The cash conundrum: What’s driving cash balances down?

Global fund managers were yesterday accused of flying too close to the sun when it was revealed that despite thinking equities are overvalued, risk-taking has hit an all-time high.

According to November’s BofA Merrill Lynch Fund Manager Survey a record net 16% of global fund managers said they were taking above-normal levels of risk in their investments.

This was highlighted by the fact average cash balances fell from 4.7% in October to 4.4% this month, which is the lowest level since October 2013.

By way of contrast, in October last year the average cash balance held by global fund managers was 5.7%, while the 10-year average is 4.5%.

So, what has been driving this need to put cash to work, despite the fact a record high net 48% of the same investors currently think equities look overvalued?

Only human after all

According to Adrian Lowcock, investment director at Architas, it is perhaps not best to look at average cash positions. He has looked at some IA sectors and notes there are some managers who have been “aggressively” increasing their cash exposure.

“The issue with cash weighting is that they act as a drag in strongly performing equity markets, even more so in the current low interest rate climate,” he says.

“This contradictory stance – of reducing cash even though the manager believes equity markets are expensive – can be driven by human behaviour. If a manager sits out of a market rally, the longer it goes on the more concerned they became they have missed out and eventually they capitulate on their view and invest.”

Chris Metcalfe, founder of IBOSS, notes that career risk may be playing a part behind the decision to cut cash, especially for US managers and those managers who don’t work for investment boutiques.

“It’s easier for managers who run money for groups they founded to be long-term as the only pressure they are put under to perform is from themselves,” he says. “However those who work for large asset managers are under more pressure to perform in the short term and as a result they often end up chasing performance.”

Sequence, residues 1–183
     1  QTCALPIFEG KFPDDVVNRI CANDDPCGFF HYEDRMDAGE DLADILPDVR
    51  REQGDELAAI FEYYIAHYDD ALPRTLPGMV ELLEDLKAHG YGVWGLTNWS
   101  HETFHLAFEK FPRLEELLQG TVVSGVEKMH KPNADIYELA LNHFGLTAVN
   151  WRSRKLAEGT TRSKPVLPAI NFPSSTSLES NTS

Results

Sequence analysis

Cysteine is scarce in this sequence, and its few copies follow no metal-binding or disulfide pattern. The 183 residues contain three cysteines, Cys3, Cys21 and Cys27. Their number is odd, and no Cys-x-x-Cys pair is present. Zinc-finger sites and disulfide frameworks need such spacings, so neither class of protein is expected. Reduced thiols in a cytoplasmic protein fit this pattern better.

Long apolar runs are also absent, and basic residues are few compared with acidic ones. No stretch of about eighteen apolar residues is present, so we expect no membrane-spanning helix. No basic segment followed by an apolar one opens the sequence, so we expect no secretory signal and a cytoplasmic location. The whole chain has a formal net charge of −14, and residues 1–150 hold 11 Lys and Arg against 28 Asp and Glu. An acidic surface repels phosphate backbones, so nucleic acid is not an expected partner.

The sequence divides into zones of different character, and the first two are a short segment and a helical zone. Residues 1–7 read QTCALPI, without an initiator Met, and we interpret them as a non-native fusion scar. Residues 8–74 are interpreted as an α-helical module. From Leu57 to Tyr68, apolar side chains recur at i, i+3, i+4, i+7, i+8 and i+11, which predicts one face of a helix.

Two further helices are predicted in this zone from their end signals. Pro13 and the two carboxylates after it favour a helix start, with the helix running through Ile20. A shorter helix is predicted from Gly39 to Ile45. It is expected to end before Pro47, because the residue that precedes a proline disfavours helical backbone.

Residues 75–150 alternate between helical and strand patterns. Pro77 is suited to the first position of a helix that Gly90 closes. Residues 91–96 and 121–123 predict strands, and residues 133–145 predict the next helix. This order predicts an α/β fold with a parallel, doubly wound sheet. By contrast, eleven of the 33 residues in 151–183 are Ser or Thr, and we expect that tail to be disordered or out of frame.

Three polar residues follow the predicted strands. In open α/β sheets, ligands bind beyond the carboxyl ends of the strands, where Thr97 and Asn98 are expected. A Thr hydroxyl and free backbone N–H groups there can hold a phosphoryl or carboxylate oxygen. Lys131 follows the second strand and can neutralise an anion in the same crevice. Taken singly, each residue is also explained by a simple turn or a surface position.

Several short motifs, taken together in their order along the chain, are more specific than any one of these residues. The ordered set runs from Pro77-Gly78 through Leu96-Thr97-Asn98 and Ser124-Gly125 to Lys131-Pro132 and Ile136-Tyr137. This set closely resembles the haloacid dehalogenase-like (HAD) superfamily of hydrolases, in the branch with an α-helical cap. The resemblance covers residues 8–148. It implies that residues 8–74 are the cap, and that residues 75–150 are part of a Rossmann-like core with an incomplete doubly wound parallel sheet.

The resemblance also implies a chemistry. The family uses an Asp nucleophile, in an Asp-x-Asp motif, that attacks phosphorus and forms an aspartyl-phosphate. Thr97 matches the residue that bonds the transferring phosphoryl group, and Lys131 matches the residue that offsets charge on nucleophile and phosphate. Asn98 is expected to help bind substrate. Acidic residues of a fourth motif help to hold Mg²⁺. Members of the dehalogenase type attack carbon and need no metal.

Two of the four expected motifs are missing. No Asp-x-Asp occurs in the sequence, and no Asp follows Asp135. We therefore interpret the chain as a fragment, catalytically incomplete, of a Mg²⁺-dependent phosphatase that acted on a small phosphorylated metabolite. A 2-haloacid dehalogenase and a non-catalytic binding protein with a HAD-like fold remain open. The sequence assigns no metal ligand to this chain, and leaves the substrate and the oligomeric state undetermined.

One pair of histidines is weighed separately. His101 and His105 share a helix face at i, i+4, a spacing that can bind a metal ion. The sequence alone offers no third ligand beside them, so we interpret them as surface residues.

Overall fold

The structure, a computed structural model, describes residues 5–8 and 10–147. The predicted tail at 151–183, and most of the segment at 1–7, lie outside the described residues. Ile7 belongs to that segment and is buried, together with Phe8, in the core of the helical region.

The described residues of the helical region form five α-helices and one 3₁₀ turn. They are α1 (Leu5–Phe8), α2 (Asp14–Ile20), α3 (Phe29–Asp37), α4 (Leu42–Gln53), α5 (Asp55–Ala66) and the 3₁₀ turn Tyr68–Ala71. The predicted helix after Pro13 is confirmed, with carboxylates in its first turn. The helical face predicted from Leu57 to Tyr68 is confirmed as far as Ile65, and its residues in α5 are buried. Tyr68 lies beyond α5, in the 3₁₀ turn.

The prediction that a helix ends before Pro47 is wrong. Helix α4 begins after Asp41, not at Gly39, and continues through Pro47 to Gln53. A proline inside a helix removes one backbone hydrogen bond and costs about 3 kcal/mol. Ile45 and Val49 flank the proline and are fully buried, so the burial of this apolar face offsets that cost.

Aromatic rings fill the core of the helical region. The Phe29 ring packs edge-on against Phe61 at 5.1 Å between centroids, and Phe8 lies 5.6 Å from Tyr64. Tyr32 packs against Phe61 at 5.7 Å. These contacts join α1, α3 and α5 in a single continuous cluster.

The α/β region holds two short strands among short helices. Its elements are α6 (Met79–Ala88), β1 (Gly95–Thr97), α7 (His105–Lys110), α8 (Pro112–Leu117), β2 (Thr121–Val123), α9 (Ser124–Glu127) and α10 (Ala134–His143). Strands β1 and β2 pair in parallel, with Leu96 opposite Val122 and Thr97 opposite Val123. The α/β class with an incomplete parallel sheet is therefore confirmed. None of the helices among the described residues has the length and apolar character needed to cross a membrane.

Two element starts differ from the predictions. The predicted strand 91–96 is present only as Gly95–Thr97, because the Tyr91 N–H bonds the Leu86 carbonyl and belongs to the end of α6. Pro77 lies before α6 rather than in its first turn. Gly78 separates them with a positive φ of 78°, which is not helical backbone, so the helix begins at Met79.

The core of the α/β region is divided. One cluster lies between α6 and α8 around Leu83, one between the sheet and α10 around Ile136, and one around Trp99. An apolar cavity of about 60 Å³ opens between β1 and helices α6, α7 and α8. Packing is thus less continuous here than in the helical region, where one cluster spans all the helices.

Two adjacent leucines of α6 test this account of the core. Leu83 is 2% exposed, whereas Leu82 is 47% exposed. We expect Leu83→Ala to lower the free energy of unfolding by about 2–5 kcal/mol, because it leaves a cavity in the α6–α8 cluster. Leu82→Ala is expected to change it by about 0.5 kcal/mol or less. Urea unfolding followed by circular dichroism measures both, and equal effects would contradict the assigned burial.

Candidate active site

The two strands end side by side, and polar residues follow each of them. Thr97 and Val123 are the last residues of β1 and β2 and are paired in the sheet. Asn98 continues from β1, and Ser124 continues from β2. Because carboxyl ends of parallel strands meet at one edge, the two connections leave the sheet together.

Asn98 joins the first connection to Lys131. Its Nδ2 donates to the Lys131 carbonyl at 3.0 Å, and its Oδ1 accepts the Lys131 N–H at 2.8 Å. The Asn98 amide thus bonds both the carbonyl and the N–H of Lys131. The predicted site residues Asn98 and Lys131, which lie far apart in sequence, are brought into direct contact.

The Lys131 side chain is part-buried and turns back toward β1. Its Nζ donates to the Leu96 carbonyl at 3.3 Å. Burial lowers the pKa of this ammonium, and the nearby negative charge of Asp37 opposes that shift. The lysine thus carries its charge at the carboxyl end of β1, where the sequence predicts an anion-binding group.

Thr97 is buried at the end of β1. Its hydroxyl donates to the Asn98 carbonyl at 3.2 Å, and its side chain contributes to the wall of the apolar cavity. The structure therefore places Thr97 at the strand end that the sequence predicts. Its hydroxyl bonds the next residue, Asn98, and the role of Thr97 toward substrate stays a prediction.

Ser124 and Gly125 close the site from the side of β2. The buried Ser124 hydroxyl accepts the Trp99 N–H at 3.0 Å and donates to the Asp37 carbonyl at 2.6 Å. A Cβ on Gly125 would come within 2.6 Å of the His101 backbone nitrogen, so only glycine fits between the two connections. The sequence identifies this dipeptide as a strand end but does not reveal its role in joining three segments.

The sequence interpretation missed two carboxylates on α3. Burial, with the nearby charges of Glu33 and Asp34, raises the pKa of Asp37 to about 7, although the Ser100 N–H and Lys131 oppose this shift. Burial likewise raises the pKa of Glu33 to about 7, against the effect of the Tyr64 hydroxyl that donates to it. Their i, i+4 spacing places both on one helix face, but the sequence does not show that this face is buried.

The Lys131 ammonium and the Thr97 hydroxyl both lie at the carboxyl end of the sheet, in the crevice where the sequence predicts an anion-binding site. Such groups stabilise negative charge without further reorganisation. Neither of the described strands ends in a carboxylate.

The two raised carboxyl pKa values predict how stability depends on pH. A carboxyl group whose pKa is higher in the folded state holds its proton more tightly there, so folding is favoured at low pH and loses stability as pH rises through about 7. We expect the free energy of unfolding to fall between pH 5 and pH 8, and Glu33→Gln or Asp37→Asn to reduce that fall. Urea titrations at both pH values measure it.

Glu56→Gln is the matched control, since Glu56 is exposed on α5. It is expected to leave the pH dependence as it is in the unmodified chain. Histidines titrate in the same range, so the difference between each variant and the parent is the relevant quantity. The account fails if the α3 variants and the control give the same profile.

A ‘contrarian’ cash builder?

Metcalfe, as founder of IBOSS and manager of its model portfolios and Oeics, is one manager who is not cutting his cash weighting. In fact he has explicitly been building his cash position.

“We currently have an allocation of 10% to money market funds in our medium-risk mandate which is the highest weighting for some time,” he says. “Unlike our peers we will not be reducing it unless the equity and bond markets fall, or the economic position improves beyond all recognition.”

Indeed on top of his position in money market funds, Metcalfe says he has further cash holdings via the holding the F&C Property Fund, which has about 15% held in cash, and Alastair Mundy’s Investec Cautious Managed Fund which currently has about 13% in cash.

“The fact that cash is dismissed by many as an asset class doesn’t make it any less of one in our opinion,” he says. “Right now everyone seems to be worried about the direction of markets but no-one can see what the catalyst for them to go down will be. On top of this bonds look terrible value, so in their place we would rather hold cash.”

For Lowcock, the average cash balance held by a fund also doesn’t really tell you that much.

“Many managers will run on the view of being fully invested and there are areas such as Japan, Europe, Asia and emerging markets where markets are not significantly expensive and offer value,” he says.

“We agree that markets are not cheap, but in a world of synchronised global earnings growth, growth could be the driver that reduces the valuation not a large correction.”

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